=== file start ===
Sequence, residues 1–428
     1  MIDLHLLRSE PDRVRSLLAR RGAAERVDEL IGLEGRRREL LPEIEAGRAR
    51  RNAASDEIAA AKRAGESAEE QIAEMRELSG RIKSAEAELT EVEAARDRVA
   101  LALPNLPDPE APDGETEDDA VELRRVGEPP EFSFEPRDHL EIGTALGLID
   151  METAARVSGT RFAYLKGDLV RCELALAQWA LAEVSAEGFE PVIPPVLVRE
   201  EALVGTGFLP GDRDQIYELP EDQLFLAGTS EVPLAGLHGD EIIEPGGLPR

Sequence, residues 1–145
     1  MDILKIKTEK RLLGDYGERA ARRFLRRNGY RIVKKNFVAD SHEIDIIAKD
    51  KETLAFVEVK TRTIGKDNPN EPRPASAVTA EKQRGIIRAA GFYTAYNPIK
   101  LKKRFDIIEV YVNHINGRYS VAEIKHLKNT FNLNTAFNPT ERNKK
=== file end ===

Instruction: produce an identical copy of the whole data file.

Sequence, residues 1–428
     1  MIDLHLLRSE PDRVRSLLAR RGAAERVDEL IGLEGRRREL LPEIEAGRAR
    51  RNAASDEIAA AKRAGESAEE QIAEMRELSG RIKSAEAELT EVEAARDRVA
   101  LALPNLPDPE APDGETEDDA VELRRVGEPP EFSFEPRDHL EIGTALGLID
   151  METAARVSGT RFAYLKGDLV RCELALAQWA LAEVSAEGFE PVIPPVLVRE
   201  EALVGTGFLP GDRDQIYELP EDQLFLAGTS EVPLAGLHGD EIIEPGGLPR

Sequence, residues 1–145
     1  MDILKIKTEK RLLGDYGERA ARRFLRRNGY RIVKKNFVAD SHEIDIIAKD
    51  KETLAFVEVK TRTIGKDNPN EPRPASAVTA EKQRGIIRAA GFYTAYNPIK
   101  LKKRFDIIEV YVNHINGRYS VAEIKHLKNT FNLNTAFNPT ERNKK